Everything You Need to Know About Snake Plant Leaves Turning Yellow and How to Fix It

While snake plants (Dracaena trifasciata) have a reputation of being almost impossible to kill, that doesn’t mean they don’t suffer from their fair share of problems. If you notice your snake plant leaves are turning yellow, you’re not alone. We’re going to cover the causes of yellow leaves in snake plants as well as ways to improve this unsightly problem.


Snake Plant Leaves Turning Yellow  – The Essentials

Snake plant leaves can turn yellow due to a variety of reasons. These include overwatering, exposure to cold temperatures, and excess fertilizer. Providing the proper snake plant environment and care will help correct yellowing leaves.


Common Reasons Your Snake Plant’s Leaves Are Turning Yellow

1) Lack of Water

Lack of Water

While snake plants like their soil on the drier side, you’ll still need to water these plants regularly.

If you allow the soil to remain dry for more than a week or so, your plant will become stressed. Without enough water, it won’t be able to complete photosynthesis or move nutrients throughout its tissue properly.

To prevent yellowing from underwatering, water your snake plant when the top three to four inches of soil is dry.

2) Overwatering

While underwatering can cause yellow leaves, overwatering is a more common issue. Since snake plants like their soil on the dry side, you will only need to water your snake plant once every one to four weeks.

When you overwater, the soil stays moist. This moist soil can cause a type of fungal disease known as root rot.

When a snake plant develops this disease, its root will become soft and discolored. Additionally, the roots will not properly take up water and nutrients. This may lead to yellowing leaves.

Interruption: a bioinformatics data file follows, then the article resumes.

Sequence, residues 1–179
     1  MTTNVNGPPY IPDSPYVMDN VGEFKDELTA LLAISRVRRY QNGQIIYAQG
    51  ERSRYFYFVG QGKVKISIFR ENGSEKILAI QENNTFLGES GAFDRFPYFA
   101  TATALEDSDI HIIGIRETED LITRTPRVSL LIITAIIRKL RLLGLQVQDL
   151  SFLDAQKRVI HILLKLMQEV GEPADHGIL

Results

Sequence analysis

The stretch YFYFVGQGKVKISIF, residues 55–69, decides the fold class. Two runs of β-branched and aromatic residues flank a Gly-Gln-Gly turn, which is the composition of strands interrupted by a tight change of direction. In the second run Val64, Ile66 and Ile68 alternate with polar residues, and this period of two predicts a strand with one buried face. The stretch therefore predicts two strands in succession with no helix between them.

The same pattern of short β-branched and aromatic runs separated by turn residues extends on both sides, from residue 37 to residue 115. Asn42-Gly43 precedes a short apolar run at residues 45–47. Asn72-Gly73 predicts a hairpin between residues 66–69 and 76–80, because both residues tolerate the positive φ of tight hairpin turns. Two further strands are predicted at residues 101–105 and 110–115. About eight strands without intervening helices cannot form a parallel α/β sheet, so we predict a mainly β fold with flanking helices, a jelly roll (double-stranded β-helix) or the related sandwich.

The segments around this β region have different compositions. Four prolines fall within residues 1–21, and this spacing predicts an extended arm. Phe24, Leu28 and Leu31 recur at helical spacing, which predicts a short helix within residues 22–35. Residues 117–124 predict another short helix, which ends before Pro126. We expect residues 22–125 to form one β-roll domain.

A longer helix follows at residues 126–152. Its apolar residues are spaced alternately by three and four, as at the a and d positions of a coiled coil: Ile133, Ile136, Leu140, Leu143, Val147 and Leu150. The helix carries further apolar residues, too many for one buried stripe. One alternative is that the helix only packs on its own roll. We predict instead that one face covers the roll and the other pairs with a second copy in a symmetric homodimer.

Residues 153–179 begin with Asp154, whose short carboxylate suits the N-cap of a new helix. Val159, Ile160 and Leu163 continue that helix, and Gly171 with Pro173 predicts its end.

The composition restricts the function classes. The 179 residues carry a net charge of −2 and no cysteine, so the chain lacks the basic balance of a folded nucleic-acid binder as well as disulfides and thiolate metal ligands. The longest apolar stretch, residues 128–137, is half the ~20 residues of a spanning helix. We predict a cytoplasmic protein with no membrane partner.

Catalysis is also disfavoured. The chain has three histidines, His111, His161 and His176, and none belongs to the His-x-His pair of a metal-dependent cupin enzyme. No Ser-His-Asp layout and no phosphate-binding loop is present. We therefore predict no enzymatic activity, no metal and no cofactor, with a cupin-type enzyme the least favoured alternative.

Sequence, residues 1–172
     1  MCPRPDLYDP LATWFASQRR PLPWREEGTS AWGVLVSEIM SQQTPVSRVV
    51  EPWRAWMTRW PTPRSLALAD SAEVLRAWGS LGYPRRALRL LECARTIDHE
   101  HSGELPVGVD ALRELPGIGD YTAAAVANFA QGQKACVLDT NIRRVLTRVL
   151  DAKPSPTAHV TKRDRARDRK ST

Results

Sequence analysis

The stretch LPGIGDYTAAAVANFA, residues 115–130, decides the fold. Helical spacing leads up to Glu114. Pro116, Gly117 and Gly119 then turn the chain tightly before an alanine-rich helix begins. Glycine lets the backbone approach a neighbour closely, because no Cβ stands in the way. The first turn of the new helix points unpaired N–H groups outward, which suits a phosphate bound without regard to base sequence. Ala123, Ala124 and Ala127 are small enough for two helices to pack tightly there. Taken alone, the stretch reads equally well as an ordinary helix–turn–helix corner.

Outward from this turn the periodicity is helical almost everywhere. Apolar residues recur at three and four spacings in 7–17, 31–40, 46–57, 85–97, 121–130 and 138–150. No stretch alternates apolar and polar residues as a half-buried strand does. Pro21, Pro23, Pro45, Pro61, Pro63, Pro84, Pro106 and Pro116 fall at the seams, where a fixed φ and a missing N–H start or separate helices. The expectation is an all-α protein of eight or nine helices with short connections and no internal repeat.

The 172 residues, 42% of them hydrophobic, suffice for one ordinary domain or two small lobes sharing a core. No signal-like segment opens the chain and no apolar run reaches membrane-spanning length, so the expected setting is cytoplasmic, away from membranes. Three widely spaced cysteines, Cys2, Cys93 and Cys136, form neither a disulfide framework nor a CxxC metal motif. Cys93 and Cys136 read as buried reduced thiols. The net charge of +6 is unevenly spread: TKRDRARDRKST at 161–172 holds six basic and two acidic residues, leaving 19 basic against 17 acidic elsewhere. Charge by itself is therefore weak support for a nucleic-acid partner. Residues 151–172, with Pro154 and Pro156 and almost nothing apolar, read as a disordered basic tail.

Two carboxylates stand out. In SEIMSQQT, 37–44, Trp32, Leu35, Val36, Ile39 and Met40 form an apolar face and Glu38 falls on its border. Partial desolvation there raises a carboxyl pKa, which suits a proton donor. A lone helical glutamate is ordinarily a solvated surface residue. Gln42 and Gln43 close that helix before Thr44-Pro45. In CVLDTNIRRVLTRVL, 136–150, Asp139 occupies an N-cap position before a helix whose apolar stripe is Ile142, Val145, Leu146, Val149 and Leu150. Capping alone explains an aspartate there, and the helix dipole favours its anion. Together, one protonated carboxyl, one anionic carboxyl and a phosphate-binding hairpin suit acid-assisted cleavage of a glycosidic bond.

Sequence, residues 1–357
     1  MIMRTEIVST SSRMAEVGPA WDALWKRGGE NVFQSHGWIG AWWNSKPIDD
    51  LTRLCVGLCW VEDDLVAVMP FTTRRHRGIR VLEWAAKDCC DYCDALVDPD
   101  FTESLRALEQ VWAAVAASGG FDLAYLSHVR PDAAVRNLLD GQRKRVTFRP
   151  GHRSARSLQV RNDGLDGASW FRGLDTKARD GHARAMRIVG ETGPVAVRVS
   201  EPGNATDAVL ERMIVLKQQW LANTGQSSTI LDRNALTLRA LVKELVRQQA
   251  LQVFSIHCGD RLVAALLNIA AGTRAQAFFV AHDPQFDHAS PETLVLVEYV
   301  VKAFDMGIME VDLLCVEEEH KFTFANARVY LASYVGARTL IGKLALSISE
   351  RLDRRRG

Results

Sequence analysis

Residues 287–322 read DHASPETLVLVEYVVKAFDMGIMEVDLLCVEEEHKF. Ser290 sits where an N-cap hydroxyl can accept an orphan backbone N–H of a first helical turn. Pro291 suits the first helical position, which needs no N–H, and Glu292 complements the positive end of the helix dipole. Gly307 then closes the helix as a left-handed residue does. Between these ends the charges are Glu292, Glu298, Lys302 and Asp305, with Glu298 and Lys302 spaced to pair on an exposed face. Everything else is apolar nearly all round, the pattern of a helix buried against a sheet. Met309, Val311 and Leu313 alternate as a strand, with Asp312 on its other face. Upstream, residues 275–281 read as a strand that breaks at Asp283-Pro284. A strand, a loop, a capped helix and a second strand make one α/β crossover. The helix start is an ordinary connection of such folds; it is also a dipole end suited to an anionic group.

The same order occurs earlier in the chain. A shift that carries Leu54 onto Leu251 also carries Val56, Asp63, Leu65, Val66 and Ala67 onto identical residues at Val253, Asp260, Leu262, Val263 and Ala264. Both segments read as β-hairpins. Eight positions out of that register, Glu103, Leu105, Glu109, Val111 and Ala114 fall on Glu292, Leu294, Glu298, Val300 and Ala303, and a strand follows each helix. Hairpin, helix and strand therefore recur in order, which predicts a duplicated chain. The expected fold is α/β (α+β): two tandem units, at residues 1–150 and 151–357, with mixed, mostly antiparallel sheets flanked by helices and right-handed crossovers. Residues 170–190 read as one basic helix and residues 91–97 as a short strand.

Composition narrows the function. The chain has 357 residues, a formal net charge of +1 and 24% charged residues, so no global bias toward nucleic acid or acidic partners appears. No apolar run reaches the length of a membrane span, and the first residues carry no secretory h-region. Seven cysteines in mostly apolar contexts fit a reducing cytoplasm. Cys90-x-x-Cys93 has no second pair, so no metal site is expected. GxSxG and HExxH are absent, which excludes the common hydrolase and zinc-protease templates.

Since root rot develops in moist soils, you must avoid overwatering. Only water when the top few inches of soil is dry.

3) Lack of Nutrients

Lack of Nutrients

While snake plants aren’t heavy feeders, they still require nutrients, including nitrogen, potassium, phosphorus, and magnesium. While your potting soil may have some nutrients, you’ll need to apply fertilizer to keep your snake plant healthy.

A balanced houseplant fertilizer is the best option for your snake plant. Dilute the fertilizer following product instructions, then apply once in the early spring and again in the early summer.

4) Overfertilization

Snake plant leaves may indeed turn yellow if they don’t have the nutrients they need. However, overfertilizing your plants can be just as dangerous!

When you fertilize, you want to pay attention to two things: the concentration of the fertilizer and the frequency you’re applying it.

If you’re using a liquid or granular fertilizer, you’ll want to dilute it following the product instructions. Never apply a more concentrated form!

You should also avoid applying fertilizer more than necessary. Snake plants only require two applications per year.

Either type of overfertilization can result in salt burn. This damage typically appears as yellowing leaf tips, although whole leaves can become affected over time.

You’ll want to hold back from fertilizing recently propagated snake plants as well. 

5) Poor Drainage

Poor Drainage

If you only water your snake plant once a month, poor drainage can lead to moist soil. Both an improper container and poor soil can lead to drainage problems.

When choosing a pot for your snake plant, ensure it has drainage holes. If your planter has a dish under it, make sure to empty any excess water that collects after watering.

Soil choice also has a significant impact on drainage. Snake plants prefer well-draining and well-aerated soils. If you notice your snake plant’s soil stays wet for an extended period of time, it’s good to switch up the soil and repot your snake plant.

Traditional peat-based or coco coir-based potting soils such as Happy Frog Potting Soil and Miracle-Gro Indoor Potting Mix tend to be a bit too heavy for snake plants. If you choose to use one of these mixes, mix in additional perlite or pumice.

Alternatively, you can choose a potting mix designed for succulents.

6) Inappropriate Temperature

Snake plants like it warm, between 60-90ºF to be precise. If temperatures dip below this range, your snake plant will experience stress. As a result, its leaves may turn yellow.